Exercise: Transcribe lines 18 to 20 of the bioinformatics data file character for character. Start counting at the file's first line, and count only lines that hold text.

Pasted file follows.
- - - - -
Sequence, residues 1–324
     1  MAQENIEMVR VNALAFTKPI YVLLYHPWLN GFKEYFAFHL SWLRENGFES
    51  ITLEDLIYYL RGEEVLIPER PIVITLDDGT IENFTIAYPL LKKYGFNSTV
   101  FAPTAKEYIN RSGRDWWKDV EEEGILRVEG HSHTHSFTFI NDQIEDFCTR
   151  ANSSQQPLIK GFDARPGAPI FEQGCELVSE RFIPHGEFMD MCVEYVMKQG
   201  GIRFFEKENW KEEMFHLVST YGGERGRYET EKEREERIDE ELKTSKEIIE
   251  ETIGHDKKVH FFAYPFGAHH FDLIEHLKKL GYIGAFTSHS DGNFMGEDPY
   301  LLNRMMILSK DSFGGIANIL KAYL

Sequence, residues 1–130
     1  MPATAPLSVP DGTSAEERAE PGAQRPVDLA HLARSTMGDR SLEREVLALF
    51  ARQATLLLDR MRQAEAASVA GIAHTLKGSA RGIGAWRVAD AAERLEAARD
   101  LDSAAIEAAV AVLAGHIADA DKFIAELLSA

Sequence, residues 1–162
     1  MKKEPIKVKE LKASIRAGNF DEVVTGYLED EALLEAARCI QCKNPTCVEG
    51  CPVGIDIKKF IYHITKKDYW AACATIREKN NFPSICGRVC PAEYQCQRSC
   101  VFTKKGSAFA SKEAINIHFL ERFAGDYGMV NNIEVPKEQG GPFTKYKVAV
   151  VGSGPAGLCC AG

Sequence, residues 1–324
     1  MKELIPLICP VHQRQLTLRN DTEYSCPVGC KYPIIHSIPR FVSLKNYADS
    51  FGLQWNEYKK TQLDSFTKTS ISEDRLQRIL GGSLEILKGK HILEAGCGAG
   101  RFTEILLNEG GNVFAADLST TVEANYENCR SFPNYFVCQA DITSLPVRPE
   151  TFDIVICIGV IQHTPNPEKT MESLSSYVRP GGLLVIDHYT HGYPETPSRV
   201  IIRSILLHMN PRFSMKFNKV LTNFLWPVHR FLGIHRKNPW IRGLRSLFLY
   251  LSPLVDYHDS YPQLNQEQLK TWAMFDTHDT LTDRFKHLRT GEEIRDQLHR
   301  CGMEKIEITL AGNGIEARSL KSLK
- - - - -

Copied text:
Sequence, residues 1–324
     1  MKELIPLICP VHQRQLTLRN DTEYSCPVGC KYPIIHSIPR FVSLKNYADS
    51  FGLQWNEYKK TQLDSFTKTS ISEDRLQRIL GGSLEILKGK HILEAGCGAG